Khartoum: Fierce fighting between the forces of rival generals shook the Sudanese capital Khartoum on Sunday as disease and malnutrition threatened the rising number of displaced.
A Khartoum resident said he was shaken from sleep by “violent fighting in which various weapons were used”. Another said he was awakened by warplanes.
Battles since mid-April between forces loyal to army chief Abdel Fattah Al Burhan and the paramilitary Rapid Support Forces (RSF) have killed nearly 3,000 people.
Another 2.2 million have been forced from their homes inside the country while almost 645,000 have fled across borders for safety, according to the International Organization for Migration.
“The situation is grave,” the medical charity Doctors Without Borders (MSF) said in a statement detailing the hardships of displaced Sudanese stuck in nine camps in White Nile State which borders South Sudan.
In addition to the capital, the worst fighting has been in the western region of Darfur where residents, as well as the United Nations, United States and others, say civilians have been targeted and killed for their ethnicity by the RSF and allied militias.
The death toll is believed to be much higher than recorded, as the World Health Organisation says about two-thirds of health facilities are “out of service” in combat-affected areas.
Many injured are unable to reach hospitals and bodies lie rotting in the streets of Khartoum and Darfur.
A record 25 million people in Sudan need humanitarian aid and protection, the UN says.
“Hundreds of thousands of people, most of them women and children” pack those camps that stretch out from the south of Khartoum all the way to the border with South Sudan, MSF said.
“There are suspected cases of measles, and malnutrition among children has become a vital health emergency.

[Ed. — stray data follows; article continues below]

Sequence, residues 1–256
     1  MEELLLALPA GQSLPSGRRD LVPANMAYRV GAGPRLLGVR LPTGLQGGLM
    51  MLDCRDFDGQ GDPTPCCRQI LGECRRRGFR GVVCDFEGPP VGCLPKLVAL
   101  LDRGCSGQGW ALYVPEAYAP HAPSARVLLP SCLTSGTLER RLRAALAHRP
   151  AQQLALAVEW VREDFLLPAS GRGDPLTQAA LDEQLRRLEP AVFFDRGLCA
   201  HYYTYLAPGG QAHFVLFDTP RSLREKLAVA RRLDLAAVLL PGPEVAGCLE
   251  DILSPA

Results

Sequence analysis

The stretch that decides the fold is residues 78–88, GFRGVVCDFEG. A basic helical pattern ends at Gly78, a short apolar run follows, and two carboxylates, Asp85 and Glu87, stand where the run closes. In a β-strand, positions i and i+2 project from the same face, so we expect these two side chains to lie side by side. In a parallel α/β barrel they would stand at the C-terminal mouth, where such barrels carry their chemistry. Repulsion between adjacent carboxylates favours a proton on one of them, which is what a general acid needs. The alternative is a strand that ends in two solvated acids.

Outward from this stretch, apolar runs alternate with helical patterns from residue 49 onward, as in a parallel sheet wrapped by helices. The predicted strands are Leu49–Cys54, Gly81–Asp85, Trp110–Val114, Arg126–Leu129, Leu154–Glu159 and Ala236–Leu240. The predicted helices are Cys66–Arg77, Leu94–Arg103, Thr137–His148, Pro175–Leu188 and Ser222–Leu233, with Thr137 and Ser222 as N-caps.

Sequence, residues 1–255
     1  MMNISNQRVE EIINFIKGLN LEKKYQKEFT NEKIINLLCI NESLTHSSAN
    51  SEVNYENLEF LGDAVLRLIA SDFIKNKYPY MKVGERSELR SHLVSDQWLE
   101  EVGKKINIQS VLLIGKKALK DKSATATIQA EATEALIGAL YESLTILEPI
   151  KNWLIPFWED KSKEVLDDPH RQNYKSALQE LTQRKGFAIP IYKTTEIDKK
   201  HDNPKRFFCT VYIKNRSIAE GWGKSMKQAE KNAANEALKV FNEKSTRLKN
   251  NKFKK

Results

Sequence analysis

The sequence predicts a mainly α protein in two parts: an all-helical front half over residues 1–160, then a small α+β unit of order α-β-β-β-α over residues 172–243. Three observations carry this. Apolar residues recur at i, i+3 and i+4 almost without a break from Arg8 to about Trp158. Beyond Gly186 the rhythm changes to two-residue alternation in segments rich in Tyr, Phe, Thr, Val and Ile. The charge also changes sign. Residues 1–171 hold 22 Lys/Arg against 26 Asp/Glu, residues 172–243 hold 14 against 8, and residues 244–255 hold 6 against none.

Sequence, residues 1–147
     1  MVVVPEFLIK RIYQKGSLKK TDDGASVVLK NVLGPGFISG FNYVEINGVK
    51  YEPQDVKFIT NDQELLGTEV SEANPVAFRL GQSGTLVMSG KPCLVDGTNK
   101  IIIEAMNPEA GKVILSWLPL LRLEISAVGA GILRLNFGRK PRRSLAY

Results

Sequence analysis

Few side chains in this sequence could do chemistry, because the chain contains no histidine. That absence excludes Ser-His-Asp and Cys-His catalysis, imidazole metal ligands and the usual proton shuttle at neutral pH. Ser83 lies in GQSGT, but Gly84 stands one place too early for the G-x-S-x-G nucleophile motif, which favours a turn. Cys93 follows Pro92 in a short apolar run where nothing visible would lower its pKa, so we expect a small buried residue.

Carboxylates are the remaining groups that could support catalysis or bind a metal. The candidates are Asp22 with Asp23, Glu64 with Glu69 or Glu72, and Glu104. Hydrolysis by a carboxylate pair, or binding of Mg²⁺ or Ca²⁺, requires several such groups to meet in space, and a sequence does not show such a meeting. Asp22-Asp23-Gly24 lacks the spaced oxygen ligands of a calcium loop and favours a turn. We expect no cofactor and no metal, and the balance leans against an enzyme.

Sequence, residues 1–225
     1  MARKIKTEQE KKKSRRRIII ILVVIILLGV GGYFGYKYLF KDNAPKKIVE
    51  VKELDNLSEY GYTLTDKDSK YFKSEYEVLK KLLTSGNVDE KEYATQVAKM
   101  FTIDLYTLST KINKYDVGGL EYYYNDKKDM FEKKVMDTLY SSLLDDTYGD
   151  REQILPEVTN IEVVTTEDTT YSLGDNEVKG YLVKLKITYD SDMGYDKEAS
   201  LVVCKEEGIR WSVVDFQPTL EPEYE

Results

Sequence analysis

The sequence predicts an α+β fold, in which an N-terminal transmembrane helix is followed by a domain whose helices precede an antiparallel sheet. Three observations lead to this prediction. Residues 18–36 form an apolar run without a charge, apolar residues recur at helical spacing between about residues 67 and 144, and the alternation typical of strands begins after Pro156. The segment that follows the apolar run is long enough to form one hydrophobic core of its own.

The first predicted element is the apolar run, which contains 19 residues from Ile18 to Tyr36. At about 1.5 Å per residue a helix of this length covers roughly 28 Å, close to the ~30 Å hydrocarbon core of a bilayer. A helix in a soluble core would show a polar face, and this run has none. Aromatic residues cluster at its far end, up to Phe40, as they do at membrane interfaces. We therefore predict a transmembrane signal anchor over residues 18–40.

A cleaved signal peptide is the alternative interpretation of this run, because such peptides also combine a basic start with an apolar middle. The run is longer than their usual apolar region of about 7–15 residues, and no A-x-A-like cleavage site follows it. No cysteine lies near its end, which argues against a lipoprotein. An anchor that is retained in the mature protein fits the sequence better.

“From June 6 to 7 we treated 223 children with suspected measles, 72 were hospitalised and 13 have died,” MSF said.
The war has smashed the country’s already fragile infrastructure, leaving residents short of water and electricity in the oppressive heat.
Numerous ceasefires, including some negotiated by the United States and Saudi Arabia, have failed to hold.
Fighting continued during the just-ended Eid Al Adha holiday for which the warring sides announced separate unilateral truces.
The worsening situation in Darfur is a bleak reminder of the region’s painful history.
In 2003, former strongman Omar Al Bashir armed and unleashed the RSF’s predecessor, the Janjaweed militia, against Darfur’s non-Arab ethnic minorities in violence that killed more than 300,000 and displaced 2.5 million.
The International Criminal Court charged Bashir and others with genocide, crimes against humanity and war crimes.
A UN official has warned of possible new “crimes against humanity” from the current fighting in Darfur.
Dozens of women have been sexually abused in Darfur and elsewhere, a government unit monitoring such offences has said.
In early June, Darfur governor and ex-rebel leader Mini Minawi, who is now close to the army, declared Darfur a “disaster zone”.
Aid organisations are repeating their appeals to the warring sides to open up secure corridors to allow them to reach the injured and those displaced by the fighting.
These appeals have taken on increased urgency with the start of the rainy season in Sudan, usually accompanied by floods that bring water-borne disease.